Lifetime adversity tends to sensitize the brain, making it more vulnerable to developing symptoms of post-traumatic stress disorder (PTSD) when later trauma is experienced, according to a new Austrian study published in the journal Biological Psychiatry: Cognitive Neuroscience and Neuroimaging.
The findings could help explain why some people are more vulnerable to the effects of traumatic experiences while others seem resilient.
“Understanding why some people develop intrusive thoughts of a stressful or traumatic event and others do not is an important step towards preventing and treating posttraumatic stress disorder,” said Cameron Carter, M.D., editor of the journal.
The results suggest that when a person has experienced numerous adversities in their lifetime, it increases neural processing during a later traumatic event. These factors combine to increase the frequency of intrusive traumatic memories and the distress they cause. This increased neural processing was found in brain regions important for emotion and memory.
“This suggests that both previous experience and the level of neural activity in the brain during an event interact to determine whether a person will have subsequent trauma-related symptoms following a traumatic experience,” said Carter.
Due to the nature of real-life trauma, which occurs randomly and encompasses many different types of adversity, it is impossible to study how neural processing during natural events contributes to PTSD.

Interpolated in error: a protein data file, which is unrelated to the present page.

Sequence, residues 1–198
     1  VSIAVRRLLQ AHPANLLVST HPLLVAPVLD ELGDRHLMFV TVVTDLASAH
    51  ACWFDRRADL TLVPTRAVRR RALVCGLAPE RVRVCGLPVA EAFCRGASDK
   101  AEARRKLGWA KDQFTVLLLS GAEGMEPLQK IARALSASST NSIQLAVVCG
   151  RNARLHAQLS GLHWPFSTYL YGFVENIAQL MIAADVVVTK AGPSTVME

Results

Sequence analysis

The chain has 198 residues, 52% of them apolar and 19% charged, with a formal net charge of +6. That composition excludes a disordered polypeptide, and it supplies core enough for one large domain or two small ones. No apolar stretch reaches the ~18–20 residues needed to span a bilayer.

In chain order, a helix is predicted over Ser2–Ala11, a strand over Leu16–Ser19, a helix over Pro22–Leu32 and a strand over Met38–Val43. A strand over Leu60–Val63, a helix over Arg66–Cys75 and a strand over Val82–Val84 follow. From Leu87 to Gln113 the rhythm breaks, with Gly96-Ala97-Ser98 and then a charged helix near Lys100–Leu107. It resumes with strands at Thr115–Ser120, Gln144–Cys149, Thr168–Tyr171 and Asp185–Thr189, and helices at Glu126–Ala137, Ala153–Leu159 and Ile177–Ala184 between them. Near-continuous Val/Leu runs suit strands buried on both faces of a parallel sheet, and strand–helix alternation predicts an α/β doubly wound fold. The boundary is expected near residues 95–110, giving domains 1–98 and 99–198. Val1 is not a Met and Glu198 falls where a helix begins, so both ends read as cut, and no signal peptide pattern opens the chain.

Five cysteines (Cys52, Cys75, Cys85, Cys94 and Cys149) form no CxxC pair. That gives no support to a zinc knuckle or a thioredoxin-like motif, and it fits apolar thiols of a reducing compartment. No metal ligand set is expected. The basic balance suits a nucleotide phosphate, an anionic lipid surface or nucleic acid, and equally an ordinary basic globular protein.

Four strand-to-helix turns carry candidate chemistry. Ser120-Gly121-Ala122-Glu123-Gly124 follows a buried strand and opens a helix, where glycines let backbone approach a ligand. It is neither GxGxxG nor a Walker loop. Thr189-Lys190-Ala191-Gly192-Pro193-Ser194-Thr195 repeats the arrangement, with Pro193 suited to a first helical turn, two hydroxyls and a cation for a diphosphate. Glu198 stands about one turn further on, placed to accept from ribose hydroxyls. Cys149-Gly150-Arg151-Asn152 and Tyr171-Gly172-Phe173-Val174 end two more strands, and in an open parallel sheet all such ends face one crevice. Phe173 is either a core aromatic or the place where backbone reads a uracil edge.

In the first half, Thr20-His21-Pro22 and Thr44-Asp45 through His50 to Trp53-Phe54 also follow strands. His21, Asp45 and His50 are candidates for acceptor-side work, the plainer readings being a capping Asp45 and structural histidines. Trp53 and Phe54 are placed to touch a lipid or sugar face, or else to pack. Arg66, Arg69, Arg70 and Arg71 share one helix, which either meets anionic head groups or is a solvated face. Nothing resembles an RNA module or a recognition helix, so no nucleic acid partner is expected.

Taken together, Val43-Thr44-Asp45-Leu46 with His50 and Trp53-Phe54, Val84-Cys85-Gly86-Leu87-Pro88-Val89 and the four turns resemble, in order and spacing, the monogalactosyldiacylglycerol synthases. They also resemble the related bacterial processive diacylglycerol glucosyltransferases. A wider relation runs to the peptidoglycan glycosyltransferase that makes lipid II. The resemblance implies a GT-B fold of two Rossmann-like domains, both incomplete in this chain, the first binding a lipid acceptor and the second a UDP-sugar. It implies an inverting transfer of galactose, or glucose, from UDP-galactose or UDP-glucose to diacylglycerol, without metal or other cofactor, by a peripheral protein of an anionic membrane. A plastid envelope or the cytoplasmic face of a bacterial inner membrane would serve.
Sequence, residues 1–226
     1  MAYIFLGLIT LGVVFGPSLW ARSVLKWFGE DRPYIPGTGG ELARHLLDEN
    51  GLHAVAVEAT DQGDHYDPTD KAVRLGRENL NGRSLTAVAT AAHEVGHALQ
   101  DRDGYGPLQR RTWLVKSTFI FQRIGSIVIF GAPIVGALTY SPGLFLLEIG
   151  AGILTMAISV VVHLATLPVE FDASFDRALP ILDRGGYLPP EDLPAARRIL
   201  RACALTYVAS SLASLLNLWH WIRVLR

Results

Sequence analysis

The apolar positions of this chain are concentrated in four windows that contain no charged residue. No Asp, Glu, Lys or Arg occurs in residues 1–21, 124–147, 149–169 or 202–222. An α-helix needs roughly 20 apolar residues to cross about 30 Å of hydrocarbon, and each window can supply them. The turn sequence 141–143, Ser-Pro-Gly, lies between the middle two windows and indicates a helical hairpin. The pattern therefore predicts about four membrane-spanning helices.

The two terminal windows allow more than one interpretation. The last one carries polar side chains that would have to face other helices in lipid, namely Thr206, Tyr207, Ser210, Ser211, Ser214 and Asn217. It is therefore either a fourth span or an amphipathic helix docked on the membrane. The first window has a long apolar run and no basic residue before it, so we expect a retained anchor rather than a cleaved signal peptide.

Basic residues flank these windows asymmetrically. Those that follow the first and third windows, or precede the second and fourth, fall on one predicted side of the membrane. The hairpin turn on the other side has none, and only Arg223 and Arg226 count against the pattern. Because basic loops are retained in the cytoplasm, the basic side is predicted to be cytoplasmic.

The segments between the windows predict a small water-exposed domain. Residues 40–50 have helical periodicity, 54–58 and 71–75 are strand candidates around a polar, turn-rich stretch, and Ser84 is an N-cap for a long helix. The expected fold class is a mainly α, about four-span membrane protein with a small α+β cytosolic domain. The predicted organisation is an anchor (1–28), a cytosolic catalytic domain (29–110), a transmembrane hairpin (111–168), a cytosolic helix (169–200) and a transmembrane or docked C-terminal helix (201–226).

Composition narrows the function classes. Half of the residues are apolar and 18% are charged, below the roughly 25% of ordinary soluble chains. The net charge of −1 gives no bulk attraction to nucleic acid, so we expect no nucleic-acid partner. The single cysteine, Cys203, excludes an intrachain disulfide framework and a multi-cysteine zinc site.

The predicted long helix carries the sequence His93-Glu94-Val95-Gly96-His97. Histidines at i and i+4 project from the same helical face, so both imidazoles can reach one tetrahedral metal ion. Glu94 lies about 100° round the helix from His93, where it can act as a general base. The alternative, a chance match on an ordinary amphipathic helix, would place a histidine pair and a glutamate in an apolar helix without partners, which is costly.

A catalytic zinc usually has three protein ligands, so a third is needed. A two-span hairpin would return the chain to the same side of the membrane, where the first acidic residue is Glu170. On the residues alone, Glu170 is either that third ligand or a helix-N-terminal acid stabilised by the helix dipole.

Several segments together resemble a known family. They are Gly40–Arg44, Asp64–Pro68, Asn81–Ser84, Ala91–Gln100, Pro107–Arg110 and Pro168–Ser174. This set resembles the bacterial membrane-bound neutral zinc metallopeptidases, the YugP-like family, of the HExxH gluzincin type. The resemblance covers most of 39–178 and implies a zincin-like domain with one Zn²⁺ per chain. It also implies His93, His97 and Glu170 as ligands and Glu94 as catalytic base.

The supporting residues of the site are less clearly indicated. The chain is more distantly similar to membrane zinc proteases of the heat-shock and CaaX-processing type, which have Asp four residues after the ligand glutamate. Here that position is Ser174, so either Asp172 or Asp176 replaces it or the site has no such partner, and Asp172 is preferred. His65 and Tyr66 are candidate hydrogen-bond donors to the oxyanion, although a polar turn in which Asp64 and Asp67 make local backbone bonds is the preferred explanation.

Using functional magnetic resonance imaging (fMRI) and experimental trauma, researchers at the University of Salzburg in Austria conducted the first study of two well-known risk factors of PTSD: neural processing and lifetime adversity. After watching disturbing films of severe interpersonal violence, the participants reported how often they experienced intrusive memories of the films, and how distressing these memories were.
“This allowed us to study how the brain deals with intensely emotional events,” said lead author Julina Rattel, M.Sc., a doctoral student in the laboratory of senior author Frank Wilhelm, Ph.D.
“We found that increased brain activation in specific neural networks implicated in threat processing, emotion regulation, and memory encoding and consolidation predicted distressing recollections; though, this was only the case in individuals reporting several lifetime adversities, such as car accidents, assault, physical and sexual abuse, or natural disaster.”
Both neural processing and lifetime adversity have been considered risk factors for PTSD, but the study is the first to investigate the individual effects of each of these factors, and how they interact synergistically.
“It has long been known that repeated ‘hits’ increase vulnerability to develop PTSD. Our results point to specific vulnerable brain networks that appear to have been sensitized by these hits, subsequently leading to PTSD-like symptoms when reactivated,” said Rattel.